When I was 14, my parents sent me to France to live with a family over the Summer, in the hope that I would learn some French and come back mature, well-rounded and independent (and I think they wanted a break from my teenage mega-strops). I did come back speaking French, so it half worked.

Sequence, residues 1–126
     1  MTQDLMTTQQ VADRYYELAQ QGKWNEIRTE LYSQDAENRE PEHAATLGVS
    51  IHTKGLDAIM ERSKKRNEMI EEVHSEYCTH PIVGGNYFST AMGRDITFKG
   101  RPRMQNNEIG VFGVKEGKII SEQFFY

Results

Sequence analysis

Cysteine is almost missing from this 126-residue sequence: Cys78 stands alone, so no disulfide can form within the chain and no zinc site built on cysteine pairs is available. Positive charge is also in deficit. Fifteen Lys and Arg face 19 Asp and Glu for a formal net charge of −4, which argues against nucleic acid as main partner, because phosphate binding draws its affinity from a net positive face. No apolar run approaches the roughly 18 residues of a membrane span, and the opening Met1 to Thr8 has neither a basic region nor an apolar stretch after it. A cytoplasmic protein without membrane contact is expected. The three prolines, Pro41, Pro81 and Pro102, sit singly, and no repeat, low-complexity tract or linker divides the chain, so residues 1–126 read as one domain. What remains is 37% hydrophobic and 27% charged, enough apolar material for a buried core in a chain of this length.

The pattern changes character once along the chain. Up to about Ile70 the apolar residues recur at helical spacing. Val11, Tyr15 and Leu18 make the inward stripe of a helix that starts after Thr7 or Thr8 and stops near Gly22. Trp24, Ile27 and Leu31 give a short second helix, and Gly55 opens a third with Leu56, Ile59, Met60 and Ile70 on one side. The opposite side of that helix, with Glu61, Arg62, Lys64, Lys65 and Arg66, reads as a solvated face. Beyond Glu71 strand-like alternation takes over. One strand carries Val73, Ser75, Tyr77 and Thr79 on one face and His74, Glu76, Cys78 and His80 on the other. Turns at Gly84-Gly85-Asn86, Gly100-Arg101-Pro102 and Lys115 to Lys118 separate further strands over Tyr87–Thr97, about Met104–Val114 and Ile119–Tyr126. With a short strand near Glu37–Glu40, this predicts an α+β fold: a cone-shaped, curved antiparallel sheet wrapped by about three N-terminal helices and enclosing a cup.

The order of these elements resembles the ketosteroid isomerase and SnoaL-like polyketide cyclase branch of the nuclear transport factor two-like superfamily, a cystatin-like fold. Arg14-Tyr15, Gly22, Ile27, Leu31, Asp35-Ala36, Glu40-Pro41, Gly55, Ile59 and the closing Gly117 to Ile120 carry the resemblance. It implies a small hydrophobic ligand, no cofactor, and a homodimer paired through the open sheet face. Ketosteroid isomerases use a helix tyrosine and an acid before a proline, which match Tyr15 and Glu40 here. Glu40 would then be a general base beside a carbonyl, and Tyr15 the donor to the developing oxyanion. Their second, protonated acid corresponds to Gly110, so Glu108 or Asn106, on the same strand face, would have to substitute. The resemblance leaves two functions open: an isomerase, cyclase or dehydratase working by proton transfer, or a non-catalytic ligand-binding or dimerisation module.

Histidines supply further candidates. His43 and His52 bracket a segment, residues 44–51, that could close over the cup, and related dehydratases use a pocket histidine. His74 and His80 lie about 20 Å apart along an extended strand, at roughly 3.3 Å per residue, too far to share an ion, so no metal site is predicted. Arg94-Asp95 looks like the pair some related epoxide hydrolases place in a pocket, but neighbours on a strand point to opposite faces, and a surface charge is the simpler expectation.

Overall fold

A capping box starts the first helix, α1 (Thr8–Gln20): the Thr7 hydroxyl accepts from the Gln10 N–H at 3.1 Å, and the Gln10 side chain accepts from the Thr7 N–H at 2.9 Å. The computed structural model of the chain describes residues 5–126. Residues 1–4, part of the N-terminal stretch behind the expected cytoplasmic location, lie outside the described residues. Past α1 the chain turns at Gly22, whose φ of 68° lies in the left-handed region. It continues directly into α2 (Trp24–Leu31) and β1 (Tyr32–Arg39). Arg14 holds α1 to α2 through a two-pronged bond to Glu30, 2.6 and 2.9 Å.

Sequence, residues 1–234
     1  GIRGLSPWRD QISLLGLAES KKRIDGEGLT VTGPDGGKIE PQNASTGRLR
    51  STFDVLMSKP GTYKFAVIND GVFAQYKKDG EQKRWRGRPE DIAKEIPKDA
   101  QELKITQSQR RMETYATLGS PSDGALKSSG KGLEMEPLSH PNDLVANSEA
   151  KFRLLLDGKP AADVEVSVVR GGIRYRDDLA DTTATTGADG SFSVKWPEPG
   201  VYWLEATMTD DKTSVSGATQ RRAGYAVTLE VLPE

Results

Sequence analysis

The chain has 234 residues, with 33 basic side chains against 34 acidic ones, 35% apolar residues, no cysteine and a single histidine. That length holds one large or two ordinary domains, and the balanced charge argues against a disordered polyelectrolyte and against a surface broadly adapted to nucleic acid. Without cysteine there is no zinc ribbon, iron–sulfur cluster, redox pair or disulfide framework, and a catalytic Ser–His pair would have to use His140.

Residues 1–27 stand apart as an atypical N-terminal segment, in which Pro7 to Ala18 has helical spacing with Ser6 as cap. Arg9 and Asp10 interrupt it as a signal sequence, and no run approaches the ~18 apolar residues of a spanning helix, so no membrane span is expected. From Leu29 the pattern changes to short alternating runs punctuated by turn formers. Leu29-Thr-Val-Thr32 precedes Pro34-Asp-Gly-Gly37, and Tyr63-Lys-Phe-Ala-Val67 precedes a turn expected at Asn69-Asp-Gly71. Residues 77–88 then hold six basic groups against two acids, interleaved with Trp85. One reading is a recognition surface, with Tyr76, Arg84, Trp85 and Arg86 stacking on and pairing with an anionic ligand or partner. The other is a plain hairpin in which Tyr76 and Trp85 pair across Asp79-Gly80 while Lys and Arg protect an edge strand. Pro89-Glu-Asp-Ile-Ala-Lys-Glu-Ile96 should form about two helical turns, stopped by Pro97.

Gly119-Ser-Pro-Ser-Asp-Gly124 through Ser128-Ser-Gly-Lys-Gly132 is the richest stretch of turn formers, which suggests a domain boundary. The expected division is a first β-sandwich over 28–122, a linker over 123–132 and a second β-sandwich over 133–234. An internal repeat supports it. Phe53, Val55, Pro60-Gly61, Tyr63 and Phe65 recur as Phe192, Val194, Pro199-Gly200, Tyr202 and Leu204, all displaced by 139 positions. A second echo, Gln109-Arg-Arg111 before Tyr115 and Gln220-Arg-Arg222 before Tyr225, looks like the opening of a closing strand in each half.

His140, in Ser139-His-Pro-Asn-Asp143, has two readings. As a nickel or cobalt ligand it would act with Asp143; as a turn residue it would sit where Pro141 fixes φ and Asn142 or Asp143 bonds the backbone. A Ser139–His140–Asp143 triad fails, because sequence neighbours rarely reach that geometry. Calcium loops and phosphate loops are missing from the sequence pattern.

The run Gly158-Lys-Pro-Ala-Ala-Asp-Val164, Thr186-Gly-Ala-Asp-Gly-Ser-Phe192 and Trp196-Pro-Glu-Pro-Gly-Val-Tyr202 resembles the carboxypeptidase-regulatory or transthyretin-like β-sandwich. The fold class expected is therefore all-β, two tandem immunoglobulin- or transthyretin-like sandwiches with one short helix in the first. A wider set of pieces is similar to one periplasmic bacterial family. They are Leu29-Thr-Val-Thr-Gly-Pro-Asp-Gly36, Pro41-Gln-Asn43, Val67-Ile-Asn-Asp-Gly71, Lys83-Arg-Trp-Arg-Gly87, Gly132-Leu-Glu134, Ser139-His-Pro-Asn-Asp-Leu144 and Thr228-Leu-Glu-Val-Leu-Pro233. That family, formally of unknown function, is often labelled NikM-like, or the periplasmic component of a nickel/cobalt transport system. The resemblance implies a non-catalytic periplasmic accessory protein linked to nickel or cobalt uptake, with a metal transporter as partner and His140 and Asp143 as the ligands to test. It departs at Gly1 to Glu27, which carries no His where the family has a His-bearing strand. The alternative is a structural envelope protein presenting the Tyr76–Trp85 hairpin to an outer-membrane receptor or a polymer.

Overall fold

The family I was inflicted upon were called the Chevaliers and they took me with them to their chalet by the sea in St. Jean de Monts on the West coast of France. We always ate outside which was a huge novelty for me, but even more of a culture shock was what we ate. Day 1: lunch began with a plate of a dozen oysters with a wedge of lemon. Madame Chevalier told me in fast, unforgiving French to squeeze my lemon onto an oyster to check if it… and this is where I thought I couldn’t possibly have understood her correctly. But when I saw the glistening oyster twitch as she dripped some lemon juice over it, I realised that I should have trusted my language skills because, clearly ‘reculer’ did indeed mean ‘recoil’. I was horrified but had been brought up to be polite so I somehow ate the oysters even though the alien taste and texture (and all that recoiling) made me gag. Day 2: We sat down for lunch and I figured that whatever it was, it couldn’t be as bad as the oysters and that as I’d got through that, I could get through pretty much anything. Out came lunch and it was… a dozen oysters. Wow. Day 3: lunch was again, a dozen oysters. By now, I was able to let them slip down quickly at it wasn’t so much of an ordeal. Day 4: a dozen oysters. You get the picture. Two weeks in I had a realisation – I was starting to like them! By the time I left France, I LOVED oysters and still do to this day. So why am I telling you this? I’m not suggesting you restrict your child to a diet of oysters and lemon juice but I think that this story demonstrates the importance of repeated exposure to disliked foods. Palates really do change and develop with experience. A study I often quote found that while it can take up to 15 exposures to a new food before a child starts to like it, on average the mother’s studied gave up after 2.5 exposures. So never give up! Serve your child new and disliked foods again and again…and again. One day they might surprise you.